Connect, Then Protect
You can’t care about something if you don’t know it exists. Know what a Partula snail is? Or that a Mountain chicken is actually a type of frog? You would if you’d visited Saint Louis Zoo or Detroit Zoo, where both species are part of conservation efforts. We have a harder time turning our back on someone or something once we actually see it in person. Jake Page, author of Smithsonian’s New Zoo, wrote, “It is difficult to be concerned about the fate of an animal you have never seen. Even a two-dimensional film representation of an animal does not have anywhere near the same effect as seeing one in the flesh, hearing it, smelling it.”
Once that connection has been made, zoos utilize education to help zoo guests discover how it is that they can continue to care for that animal, beyond their visit. The aforementioned study found that “most visitors leave the zoo or aquarium thinking differently about their role in environmental problems. A major finding was that individual action messages, such as, “There is a lot I can to do conserve,” and, “I am part of the solution to nature’s problems,” significantly increased as a consequence of the visit (61% and 54% increases, respectively).”
This is important. There’s a video circulating currently of a little boy sobbing because, essentially, he feels like the natural world is doomed and no one cares. It’s endearingly-heartbreaking and sweet and precocious all at once, but it’s also a little devastating. There are tons of adults that already feel that way about so many endangered species. Look at any of the comments in my previous conservation articles; you’ll generally find at least one person who thinks species x or y is past the point of no return, that there’s nothing we can do, and that we might as well let it go. How lucky we are that the people helming the Przewalski’s horse recovery project didn’t feel that way when the population dwindled to roughly fifteen animals.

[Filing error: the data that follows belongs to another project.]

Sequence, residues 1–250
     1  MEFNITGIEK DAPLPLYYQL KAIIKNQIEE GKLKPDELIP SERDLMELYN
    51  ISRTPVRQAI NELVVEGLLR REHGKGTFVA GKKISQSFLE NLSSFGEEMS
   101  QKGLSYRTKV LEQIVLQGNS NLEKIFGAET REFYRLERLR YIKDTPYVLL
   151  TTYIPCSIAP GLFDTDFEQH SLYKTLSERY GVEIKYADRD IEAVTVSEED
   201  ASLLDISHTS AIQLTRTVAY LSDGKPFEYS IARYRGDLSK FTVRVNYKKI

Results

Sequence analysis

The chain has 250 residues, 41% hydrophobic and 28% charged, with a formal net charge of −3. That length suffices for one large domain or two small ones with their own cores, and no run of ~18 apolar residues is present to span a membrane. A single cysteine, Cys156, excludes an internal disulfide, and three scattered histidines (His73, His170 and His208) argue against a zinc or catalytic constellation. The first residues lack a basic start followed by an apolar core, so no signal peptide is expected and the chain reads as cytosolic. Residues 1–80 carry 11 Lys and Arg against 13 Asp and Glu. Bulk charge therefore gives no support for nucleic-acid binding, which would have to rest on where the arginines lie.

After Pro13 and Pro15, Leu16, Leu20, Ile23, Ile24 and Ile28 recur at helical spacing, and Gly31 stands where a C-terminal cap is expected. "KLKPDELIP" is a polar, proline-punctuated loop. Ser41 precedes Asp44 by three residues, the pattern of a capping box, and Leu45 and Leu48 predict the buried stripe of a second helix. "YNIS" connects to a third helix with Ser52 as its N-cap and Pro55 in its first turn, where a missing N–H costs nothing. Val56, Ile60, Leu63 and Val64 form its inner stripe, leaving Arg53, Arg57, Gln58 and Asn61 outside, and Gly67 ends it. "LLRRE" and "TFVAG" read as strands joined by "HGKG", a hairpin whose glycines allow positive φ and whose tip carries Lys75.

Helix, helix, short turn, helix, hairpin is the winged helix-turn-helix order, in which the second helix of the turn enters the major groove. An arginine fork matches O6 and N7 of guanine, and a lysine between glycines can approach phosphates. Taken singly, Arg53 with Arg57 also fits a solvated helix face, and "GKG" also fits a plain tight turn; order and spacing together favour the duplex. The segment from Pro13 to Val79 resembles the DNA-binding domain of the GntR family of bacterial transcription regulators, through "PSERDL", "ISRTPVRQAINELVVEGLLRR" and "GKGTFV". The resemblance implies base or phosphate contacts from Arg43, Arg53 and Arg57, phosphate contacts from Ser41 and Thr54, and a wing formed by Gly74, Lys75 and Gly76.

The message at zoos is never that there’s nothing any of us can do, but there’s something that all of us can do, even if we’re at the brink. It’s empowering.
On a personal level, zoos were the first places that I took in sustainable seafood messaging, and discovered how to become an active participant. I changed my eating habits because of my visit to an aquarium. Zoos were where I first considered how my role as a consumer played into the deforestation of Southeast Asian forests. I saw my first clouded leopards — a species rarely glimpsed in the wild — and began to actively look at what I was buying, and how it might affect these captivating animals, which I’d previously never known about. I take time out of my day to call companies and ask if they utilize deforestation-free palm oil.
Zoos are the reason I buy shade-grown coffee and use a mug instead of a cardboard cup, and it’s because of a zoo’s resident polar bears that I unplug my electric kettle and toaster everyday, even though every morning, I’ll be slightly annoyed that I’m going to have to root around behind the cereal boxes to plug them in again. It feels a lot more personal when I picture polar bears I know. If the last time you visited a zoo was in your childhood, you might consider visiting one again, and taking note of the opportunities availed to you to learn about the species on exhibit: keeper talks, signage, close encounters, and impromptu discussions with volunteers and zookeepers may well impress you more than you ever expected.
Species Survival Plans — Living Arks
Over 50 species exist today thanks to the work of zoo breeding and reintroduction plans. Some of those species were shouted out in the beginning of this article. Some of them you’ve met in my previous article on zoos, which details the ways in which six different species were bred and reintroduced into the wild. The work isn’t done.